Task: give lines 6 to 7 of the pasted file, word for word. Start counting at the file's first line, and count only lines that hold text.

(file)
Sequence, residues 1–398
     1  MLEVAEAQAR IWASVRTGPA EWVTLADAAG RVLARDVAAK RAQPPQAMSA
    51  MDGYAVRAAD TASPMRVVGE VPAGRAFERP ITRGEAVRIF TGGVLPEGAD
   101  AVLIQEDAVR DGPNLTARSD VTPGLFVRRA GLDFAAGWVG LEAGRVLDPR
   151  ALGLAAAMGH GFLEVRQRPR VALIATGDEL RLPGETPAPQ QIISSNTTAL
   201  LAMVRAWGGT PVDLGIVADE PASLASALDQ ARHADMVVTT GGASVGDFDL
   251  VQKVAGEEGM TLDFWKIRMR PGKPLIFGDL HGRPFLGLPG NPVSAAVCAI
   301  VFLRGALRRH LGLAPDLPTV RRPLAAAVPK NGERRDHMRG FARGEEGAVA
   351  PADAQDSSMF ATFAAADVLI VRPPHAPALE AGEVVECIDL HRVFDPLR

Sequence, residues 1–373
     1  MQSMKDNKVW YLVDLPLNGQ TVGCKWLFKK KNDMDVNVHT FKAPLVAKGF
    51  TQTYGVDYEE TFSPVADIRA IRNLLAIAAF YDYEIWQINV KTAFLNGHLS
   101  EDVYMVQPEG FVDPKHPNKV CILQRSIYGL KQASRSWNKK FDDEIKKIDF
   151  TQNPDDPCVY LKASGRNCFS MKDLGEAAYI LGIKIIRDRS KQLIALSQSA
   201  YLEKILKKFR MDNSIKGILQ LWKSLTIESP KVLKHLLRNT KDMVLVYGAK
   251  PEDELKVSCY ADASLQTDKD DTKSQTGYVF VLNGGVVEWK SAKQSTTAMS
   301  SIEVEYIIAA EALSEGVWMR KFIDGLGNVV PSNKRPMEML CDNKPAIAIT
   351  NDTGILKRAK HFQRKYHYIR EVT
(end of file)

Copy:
   201  LAMVRAWGGT PVDLGIVADE PASLASALDQ ARHADMVVTT GGASVGDFDL
   251  VQKVAGEEGM TLDFWKIRMR PGKPLIFGDL HGRPFLGLPG NPVSAAVCAI